The film is also notable for Joe (Canada Lee) who is one of the first black characters to have a key role in a mainstream American talkie. Although I did notice that he’s the only main character not to feature on the film’s poster. Urgh. Blame Hollywood for that one.


Oh for fu-

The film was initially panned by critics upon release. Incredible as it may seem, Hitchcock was actually accused of sympathizing with Nazi ideology because the U-boat captain was depicted as competent. Of course, this was grabbing the wrong end of the stick. Hitchcock wanted to show the necessity of putting aside differences to unite against the common enemy of fascism, which was disciplined, capable, and cunning. On a more basic level, it’s adds to the drama of the situation as the characters wonder to what extent the man is a hindrance or a help.

Lifeboat is one of Hitchcock’s most overlooked gems. His self-imposed restrictions (i.e. never leaving the boat) creates powerful examination of human interaction and also results in one his most inventive directorial cameos to date.



Hitchcock-a-thon: Shadow of a Doubt (1943)


In the sleepy town of  Santa Rosa CA, Charlotte “Charlie” Newton (Teresa Wright) is over the moon when her favourite uncle, also called Charlie (Joseph Cotten), comes to stay with her family. Everyone loves Uncle Charlie, y’see. He’s charming, fun and generous. And, best of all, he’s not secretly a serial killer.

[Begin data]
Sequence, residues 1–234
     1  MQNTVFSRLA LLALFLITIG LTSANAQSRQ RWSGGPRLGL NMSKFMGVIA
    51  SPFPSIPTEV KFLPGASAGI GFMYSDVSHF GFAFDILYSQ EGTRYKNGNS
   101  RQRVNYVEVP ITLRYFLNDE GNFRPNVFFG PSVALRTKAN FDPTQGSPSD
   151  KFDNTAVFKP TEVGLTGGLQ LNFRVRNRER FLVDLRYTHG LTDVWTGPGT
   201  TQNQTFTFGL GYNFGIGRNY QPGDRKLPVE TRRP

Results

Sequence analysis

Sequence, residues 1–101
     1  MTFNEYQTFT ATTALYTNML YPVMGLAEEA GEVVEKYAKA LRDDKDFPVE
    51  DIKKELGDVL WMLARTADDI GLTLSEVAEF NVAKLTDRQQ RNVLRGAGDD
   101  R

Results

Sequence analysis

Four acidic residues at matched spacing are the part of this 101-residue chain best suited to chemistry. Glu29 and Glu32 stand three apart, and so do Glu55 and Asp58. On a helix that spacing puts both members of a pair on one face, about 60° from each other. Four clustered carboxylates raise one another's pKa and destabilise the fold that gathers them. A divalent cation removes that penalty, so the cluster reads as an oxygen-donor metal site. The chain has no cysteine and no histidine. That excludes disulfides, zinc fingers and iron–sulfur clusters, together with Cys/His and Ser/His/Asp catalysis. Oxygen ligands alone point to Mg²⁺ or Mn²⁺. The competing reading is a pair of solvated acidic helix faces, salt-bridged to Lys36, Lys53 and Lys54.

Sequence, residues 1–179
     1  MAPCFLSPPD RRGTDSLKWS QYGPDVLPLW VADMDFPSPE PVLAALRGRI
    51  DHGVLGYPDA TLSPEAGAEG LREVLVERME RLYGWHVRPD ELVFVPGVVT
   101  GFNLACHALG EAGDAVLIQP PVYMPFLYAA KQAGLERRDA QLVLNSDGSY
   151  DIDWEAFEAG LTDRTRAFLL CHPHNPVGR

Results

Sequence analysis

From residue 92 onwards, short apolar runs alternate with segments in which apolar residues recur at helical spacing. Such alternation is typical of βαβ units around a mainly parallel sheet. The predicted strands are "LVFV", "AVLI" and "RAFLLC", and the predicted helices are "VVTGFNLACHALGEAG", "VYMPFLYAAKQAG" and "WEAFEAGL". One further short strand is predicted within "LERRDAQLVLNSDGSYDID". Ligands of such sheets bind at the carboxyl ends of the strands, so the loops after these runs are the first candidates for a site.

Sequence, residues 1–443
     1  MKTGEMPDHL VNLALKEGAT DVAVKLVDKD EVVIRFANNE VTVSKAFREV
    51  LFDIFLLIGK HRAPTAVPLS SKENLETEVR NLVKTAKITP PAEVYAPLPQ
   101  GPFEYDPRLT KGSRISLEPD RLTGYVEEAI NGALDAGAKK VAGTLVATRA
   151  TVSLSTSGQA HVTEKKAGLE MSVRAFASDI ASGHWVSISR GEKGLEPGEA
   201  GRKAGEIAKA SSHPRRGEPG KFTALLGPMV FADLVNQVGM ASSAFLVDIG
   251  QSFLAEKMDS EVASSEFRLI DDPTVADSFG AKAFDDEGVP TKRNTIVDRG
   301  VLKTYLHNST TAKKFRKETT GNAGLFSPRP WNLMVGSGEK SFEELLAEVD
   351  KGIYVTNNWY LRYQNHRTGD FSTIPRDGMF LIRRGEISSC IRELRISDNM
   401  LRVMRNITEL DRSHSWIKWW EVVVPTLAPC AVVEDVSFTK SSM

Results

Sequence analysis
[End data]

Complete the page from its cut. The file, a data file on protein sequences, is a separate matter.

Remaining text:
Oh. Oh, wait.

Yes, it’s another Hitchcock tale of growing mistrust. Our heroine starts to suspect that one of the people closest to her harbours a dark, sinister secret: is her uncle the “Merry Widow murderer”? As the paranoia grows, it’s only a matter of time until it’s Charlie vs. Charlie.


While the plot may sound like a retread of The Lodger or Suspicion, it’s executed better here than in either of them. For two main reasons. Firstly, the  idyllic suburban setting is brought to life magnificently by the Great American playwright Thornton Wilder (Our Town) who collaborated on the screenplay. With the setting imagined with such believability, it only adds to the threat when the dark presence of Uncle Charlie begins to creep in.